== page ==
US Responds as al Qaeda Overruns Fallujah

Jan 6, 2014 8:23pm
AP fallujah gunman conflict sk 140106 16x9 608 US Responds as al Qaeda Overruns Fallujah

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A decade after the United States fought a war and bitter counter-insurgency to plant democracy, much of Fallujah has fallen to al Qaeda.

The terrorist group’s infamous black flag flies openly and its masked soldiers are everywhere, RPG launchers in hand.

Related: Iraq PM urges people of Fallujah to expel al Qaeda.

Fierce fighting has raged on in Fallujah’s outskirts as Iraqi troops blast their way down streets.

Today, Col. Steve Warren, a Pentagon spokesman, said the U.S. remained committed to help Iraq fight al Qaeda elements. As part of the Foreign Military Sales program, the U.S. planned to send 100 Hellfire missiles, 10 small Scan Eagle drones and 48 small Raven drones to Iraq.

In December, 75 Hellfire missiles were delivered.

“We’re working closely with the Iraqis to develop a holistic strategy to isolate al Qaeda-affiliated groups so that tribes work with security forces to root them out of populated areas,” Warren said. “It’s still early however.”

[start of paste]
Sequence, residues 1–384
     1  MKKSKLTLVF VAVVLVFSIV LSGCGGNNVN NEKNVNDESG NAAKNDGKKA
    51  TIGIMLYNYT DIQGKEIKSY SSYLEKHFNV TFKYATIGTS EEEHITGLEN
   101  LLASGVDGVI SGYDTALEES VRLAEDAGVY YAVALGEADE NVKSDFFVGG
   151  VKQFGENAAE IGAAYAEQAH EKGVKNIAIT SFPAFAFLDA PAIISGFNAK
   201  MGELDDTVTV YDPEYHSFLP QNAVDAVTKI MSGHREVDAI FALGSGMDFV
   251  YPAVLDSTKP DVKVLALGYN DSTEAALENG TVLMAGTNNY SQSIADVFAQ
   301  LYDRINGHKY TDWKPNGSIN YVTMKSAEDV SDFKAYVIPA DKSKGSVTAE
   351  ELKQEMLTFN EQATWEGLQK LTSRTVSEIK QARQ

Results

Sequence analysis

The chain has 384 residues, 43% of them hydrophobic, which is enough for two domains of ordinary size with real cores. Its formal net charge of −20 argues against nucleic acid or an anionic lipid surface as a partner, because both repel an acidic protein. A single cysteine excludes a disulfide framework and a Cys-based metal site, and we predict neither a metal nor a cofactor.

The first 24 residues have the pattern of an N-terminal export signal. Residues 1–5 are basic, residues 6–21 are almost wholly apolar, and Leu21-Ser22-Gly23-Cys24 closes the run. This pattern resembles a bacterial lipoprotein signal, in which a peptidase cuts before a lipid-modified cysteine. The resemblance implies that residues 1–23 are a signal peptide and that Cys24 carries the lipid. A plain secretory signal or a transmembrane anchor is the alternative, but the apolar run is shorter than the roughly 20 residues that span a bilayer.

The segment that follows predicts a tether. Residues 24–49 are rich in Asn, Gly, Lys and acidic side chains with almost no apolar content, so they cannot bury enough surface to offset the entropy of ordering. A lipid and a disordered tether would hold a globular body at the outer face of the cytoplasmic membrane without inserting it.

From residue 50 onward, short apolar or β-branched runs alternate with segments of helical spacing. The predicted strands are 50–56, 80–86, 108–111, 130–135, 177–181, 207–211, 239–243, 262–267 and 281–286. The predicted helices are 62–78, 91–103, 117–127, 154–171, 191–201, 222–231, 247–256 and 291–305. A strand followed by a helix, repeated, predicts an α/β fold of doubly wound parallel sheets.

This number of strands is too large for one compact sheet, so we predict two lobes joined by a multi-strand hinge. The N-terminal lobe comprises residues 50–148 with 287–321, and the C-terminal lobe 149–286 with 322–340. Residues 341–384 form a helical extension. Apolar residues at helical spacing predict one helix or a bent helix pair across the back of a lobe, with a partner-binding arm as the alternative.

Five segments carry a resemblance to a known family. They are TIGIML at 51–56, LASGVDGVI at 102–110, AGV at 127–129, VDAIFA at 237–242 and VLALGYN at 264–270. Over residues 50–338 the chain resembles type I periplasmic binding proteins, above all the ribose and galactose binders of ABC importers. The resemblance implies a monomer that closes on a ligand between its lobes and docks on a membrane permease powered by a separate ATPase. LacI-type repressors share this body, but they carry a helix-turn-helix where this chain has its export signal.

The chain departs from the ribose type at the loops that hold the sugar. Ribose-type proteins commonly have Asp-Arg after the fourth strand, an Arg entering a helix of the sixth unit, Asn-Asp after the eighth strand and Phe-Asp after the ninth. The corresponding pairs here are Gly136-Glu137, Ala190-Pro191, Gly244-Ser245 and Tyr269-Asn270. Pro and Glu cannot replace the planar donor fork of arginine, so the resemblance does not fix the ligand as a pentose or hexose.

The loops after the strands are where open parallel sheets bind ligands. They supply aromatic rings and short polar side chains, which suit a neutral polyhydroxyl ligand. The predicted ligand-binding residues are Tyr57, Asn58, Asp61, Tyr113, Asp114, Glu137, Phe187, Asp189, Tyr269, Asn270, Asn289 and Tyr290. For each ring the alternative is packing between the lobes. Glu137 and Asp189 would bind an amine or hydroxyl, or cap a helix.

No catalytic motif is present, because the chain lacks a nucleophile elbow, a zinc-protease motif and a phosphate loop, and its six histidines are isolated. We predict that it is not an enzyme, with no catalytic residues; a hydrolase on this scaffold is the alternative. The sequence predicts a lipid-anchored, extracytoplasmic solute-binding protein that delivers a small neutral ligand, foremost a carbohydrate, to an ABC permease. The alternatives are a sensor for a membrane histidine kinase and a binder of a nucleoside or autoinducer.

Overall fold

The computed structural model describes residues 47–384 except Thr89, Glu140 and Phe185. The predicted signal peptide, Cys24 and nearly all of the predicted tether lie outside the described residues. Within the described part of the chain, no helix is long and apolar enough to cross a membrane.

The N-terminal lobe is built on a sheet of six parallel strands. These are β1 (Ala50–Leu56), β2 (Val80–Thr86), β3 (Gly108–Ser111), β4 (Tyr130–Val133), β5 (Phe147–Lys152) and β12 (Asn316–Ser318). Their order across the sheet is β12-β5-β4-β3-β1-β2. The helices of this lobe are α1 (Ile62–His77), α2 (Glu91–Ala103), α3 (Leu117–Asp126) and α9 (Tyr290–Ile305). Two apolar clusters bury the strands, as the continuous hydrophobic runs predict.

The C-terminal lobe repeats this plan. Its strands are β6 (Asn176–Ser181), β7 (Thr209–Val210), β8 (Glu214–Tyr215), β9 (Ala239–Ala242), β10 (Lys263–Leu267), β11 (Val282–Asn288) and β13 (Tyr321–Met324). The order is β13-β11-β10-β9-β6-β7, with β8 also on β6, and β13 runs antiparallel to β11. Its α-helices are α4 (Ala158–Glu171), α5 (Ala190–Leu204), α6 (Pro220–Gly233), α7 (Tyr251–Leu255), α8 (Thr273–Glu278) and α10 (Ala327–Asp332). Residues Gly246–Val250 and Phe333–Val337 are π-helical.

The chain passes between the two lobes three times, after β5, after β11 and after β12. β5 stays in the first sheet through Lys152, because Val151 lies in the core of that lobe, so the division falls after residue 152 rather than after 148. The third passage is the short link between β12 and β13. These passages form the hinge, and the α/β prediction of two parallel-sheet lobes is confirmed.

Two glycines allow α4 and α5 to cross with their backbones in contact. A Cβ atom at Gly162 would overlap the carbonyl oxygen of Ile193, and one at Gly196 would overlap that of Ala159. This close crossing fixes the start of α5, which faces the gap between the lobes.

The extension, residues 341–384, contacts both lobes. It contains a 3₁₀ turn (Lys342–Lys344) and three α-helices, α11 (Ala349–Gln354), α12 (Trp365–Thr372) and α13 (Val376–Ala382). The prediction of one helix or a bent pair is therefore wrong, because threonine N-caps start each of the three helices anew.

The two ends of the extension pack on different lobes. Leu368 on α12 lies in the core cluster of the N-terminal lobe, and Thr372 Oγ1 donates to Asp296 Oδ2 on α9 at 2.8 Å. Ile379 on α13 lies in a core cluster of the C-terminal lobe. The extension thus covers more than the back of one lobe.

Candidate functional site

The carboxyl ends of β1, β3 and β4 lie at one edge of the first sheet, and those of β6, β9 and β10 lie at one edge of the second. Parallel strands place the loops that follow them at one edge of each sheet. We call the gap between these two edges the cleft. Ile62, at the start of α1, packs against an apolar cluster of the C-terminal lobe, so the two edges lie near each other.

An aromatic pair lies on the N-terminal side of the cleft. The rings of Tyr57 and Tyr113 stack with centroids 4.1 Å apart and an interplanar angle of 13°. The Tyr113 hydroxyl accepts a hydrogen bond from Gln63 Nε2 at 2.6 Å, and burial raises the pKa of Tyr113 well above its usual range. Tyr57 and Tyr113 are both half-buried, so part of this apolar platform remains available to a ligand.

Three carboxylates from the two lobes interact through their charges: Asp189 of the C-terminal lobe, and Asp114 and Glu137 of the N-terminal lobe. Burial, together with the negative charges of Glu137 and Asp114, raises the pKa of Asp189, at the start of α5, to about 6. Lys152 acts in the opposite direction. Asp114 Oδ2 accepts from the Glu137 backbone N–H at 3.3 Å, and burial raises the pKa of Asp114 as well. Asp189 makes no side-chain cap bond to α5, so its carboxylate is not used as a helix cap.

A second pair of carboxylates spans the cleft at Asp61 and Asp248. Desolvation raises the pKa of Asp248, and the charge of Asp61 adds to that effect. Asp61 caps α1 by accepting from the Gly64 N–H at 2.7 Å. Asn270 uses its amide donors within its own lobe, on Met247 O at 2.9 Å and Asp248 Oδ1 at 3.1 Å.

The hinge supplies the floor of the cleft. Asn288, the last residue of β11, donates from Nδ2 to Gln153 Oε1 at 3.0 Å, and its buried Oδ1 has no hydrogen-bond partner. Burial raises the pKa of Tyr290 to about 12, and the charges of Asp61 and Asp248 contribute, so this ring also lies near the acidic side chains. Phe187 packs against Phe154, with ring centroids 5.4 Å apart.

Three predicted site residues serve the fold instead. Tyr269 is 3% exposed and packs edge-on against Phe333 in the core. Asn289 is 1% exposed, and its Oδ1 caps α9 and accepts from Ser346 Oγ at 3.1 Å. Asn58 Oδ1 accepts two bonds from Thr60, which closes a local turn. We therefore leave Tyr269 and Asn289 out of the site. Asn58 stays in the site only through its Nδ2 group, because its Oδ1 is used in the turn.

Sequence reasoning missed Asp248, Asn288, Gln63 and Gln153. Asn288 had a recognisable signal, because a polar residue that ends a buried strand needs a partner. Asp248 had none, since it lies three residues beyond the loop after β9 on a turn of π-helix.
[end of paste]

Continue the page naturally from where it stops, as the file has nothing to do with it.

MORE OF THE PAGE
He reiterated Secretary of State John Kerry’s comments this weekend that while the U.S. remained “very, very concerned” by the fighting, it would not be sending troops.

“We’re not contemplating putting boots on the ground,” Kerry said Sunday. “This is their fight.”

With U.S. troops out of Iraq, however, security has collapsed. According to the United Nations, 7,818 people were killed in 2013, the highest number in years.

The civil war in next-door Syria — where al Qaeda fighters continue to grow in strength and have taken the lead among rebel forces — has now spilled over freely into Iraq.

The fear is that al Qaeda might form its own state or power base within the chaos.

The takeover has brought bitter memories for Americans.

Related: Americans who fought in Fallujah watch al Qaeda make a comeback.

It was in Fallujah in 2004 that U.S. Marines fought a ferocious, house-to-house battle against Iraqi insurgents. More than 100 Marines died to pacify the city and hundreds more were injured.

Ross Caputi, a former Marine who fought in the second battle for the city and is now an outspoken critic of U.S. intervention in Iraq, told ABC News recently that he’d watched his friends die there “for the purposes of regime change and furthering business interests friendly to the Bush administration.”

“[Now] Iraqis will die there to further the interests of [Prime Minister Nouri] al-Maliki’s government,” he said.

ABC News’ Luis Martinez contributed to this report.

 

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